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Exercise in newly diagnosed patients with multiple myeloma: A randomized controlled trial of effects on physical function, physical activity, lean body mass, bone mineral density, pain, and quality of life.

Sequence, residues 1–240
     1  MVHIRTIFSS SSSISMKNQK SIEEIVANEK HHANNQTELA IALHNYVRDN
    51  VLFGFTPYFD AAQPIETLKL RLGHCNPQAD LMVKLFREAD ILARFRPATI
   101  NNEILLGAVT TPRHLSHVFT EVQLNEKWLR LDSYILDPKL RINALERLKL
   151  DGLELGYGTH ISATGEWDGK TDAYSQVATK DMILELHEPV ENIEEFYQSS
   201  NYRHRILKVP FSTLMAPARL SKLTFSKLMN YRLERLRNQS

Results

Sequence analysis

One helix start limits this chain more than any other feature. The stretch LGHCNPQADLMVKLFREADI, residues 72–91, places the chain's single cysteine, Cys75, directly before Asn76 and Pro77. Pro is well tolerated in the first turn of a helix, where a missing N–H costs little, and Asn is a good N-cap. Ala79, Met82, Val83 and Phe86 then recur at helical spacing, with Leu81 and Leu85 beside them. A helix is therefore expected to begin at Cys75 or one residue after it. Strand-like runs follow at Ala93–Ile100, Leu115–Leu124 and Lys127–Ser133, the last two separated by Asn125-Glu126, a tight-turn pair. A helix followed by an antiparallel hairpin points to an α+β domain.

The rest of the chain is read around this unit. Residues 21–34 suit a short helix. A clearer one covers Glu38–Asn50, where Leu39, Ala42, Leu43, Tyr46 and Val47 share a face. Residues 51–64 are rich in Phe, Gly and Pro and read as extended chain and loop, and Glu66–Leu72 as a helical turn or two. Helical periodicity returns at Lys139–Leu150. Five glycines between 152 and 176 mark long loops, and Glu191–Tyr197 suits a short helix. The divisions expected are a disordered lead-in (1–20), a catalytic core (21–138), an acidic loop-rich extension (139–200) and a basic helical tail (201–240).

Reduced physical function caused by bone destruction, pain, anemia, infections, and weight loss is common in multiple myeloma (MM). Myeloma bone disease challenges physical exercise. Knowledge on the effects and safety of physical exercise in newly diagnosed patients with MM is limited. In a randomized, controlled trial, we studied the effect of a 10-week individualized physical exercise program on physical function, physical activity, lean body mass (LBM), bone mineral density (BMD), quality of life (QoL), and pain in patients newly diagnosed with MM. Lytic bone disease was assessed, and exercise was adjusted accordingly. Primary outcome: knee extension strength. Secondary outcomes: Six-Minute-Walk-Test, 30-s Sit-to-Stand-Test (SST), grip strength, level of physical activity, LBM, BMD, QoL, and pain. Measurements were conducted pre- and post-intervention, and after 6 and 12 months. We included 100 patients, 86 were evaluable; 44 in the intervention group (IG) and 42 in the control group (CG). No statistically significant differences between groups were observed. Knee extension strength declined in the IG (p = .02). SST, aerobic capacity, and global QoL improved in both groups. Pain decreased consistently in the IG regardless of pain outcome. No significant safety concerns of physical exercise in newly diagnosed patients with MM were observed.

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